Content Marketing Hierarchy: Building Your Main Content Hub
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Content Marketing Hierarchy: Building Your Main Content Hub

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Congratulations, you’re producing tons of amazing content. And so are 90 percent of marketers who are already using content in their marketing efforts.

How you organize and present your amazing content is a brand differentiator. Expectations are at an all-time high and attention spans are at an all-time low for today’s content consumers.

In this content marketing hierarchy overview, we took a deep dive into the importance of structuring and organizing your content for a positive brand experience. In total, there are 11 content levels that symbolize a degree of connectedness to your brand experience.

  1. Core
  2. Vertical
  3. Hub
  4. Franchise
  5. Campaign
  6. Pillar
  7. Ladder
  8. Skyscraper
  9. Foundational
  10. Asset
  11. Element

Before you proceed with the third content level in our brand hierarchy, we invite you to read up on core content (#1) and vertical content (#2). Then, you’re ready to explore content hubs, the powerful intersection of brand and user experience.

What is a content hub?

What is a content hub?

A content hub is an organized collection of content. This content repository is deeply rooted in brand experience and user experience. Content hubs are a resource destination for your audience, a place where they land and navigate to easily locate valuable information.

Content hubs are the third level in the top tier of a content hierarchy, following behind vertical content (#2) and core content (#1). Your brand might have one or several content hubs, so it’s important to clarify the definition of your content hub and prioritize so strategists and creators are fully focused and aligned.

What a content hub is not

As content marketers, we have to keep up with so much jargon as it is. To understand content hubs, let’s quickly cover what a content hub is not. A pillar, ladder, or skyscraper — which are all lower content levels that play a supporting role.

A content hub (#3) is much higher on the totem pole when you are looking at the content marketing paradigm. Here’s an easy way to think about it. Is a three-hour Netflix documentary film about pandas a content hub? No. Is Netflix a hub? Absolutely.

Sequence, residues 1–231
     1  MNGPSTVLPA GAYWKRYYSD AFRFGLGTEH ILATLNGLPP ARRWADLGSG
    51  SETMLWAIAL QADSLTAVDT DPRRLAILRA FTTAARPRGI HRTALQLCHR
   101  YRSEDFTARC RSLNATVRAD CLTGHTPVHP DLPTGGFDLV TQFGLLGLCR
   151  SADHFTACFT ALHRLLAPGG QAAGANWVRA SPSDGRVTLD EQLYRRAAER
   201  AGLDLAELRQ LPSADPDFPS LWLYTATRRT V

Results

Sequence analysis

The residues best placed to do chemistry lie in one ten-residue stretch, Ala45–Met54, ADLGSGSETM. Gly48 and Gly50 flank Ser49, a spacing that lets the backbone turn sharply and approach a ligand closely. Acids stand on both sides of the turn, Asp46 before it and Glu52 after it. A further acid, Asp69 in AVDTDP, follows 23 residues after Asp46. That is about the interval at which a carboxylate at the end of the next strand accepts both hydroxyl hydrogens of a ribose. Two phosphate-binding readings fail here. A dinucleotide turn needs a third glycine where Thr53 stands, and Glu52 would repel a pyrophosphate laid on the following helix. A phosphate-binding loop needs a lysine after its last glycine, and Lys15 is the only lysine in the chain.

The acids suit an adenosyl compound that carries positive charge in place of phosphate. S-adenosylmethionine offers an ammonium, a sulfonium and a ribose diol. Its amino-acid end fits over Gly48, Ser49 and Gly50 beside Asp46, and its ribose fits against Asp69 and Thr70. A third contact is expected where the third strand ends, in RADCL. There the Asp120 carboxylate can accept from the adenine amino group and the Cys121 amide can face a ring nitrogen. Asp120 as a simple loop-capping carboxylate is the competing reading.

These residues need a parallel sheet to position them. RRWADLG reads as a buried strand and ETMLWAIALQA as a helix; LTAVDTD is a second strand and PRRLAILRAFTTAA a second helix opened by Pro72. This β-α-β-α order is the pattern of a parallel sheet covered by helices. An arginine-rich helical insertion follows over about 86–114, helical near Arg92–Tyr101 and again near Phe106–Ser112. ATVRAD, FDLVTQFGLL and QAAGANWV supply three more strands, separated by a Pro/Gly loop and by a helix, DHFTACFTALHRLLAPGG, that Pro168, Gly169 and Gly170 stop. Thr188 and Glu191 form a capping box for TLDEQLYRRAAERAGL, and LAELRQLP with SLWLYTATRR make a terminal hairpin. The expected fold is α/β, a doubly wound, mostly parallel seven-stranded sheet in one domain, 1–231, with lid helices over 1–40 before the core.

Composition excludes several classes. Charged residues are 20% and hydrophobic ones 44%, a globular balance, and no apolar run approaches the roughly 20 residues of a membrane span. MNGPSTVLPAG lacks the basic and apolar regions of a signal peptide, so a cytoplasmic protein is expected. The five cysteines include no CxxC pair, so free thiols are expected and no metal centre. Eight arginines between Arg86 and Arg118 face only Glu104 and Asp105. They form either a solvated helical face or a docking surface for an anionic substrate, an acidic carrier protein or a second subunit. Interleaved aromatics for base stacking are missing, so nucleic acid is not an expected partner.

Content hubs are the third level in the content marketing hierarchy. Learn how to turn your content hub into a must-see resource destination. #content #marketingtips Click To Tweet

Why a content hub matters

How many times have you visited a common content hub, a blog, and felt frustrated by the user experience? You can’t find what you’re looking for because you only have recent posts and nonsensical categories for navigation. What do you do next? You leave… and perhaps, you never return.

Your content hub is very likely the nucleus of your brand. Many brands are entirely dependent on content hubs for revenue generation. Your content hub might draw qualified leads and eventually convert them. If your content hub involves a paid subscription or courses, then your repository is centered around a monetization strategy.

Content hubs cannot be an afterthought. These repositories must be highly organized to encourage efficiency and provide immediate value.

How to create a content hub strategically.

How to create a content hub strategically

Creating a content hub takes a strategic mindset and time. You already have messaging foundations, analytics, and insights to lean on. Now you need to pull everything together, explore potential avenues, and decide on the best content hub for your audience.

1. Understand what your audience needs.

When you’re building a content hub, refer back to core content (#1), which sits at the top of the content hierarchy, and your vertical content (#2). Reference brand foundations like your positioning statement and personas, then explore analytics and customer feedback. How will your content hub become the resource destination for your intended audience?

2. Decide on a content hub type.

Your analytics and customer feedback will tell you a lot about where your content hub should be located. Is your Instagram channel more popular and engaging than your blog? Make Instagram your content hub. Resources play a big role. If your team isn’t able to produce high-quality videos but you can write like the wind, choose written guides over a YouTube channel.

3. Audit and organize content.

You’re already familiar with content audits and there are many ways to learn actionable insights during this process. When masterminding a content hub, your content audit will reveal common themes that might be used in the navigational menu. Or you might find opportunities to package up existing content in fresh ways on your new content hub.

4. Prioritize user experience.

User experience is critical for your content hub. Remember, this is supposed to be a streamlined home for your content. Don’t rely on some default “recent posts” situation here. Be thoughtful about categorization and the ability for the user to sort your content with features like search functionality and straightforward filters.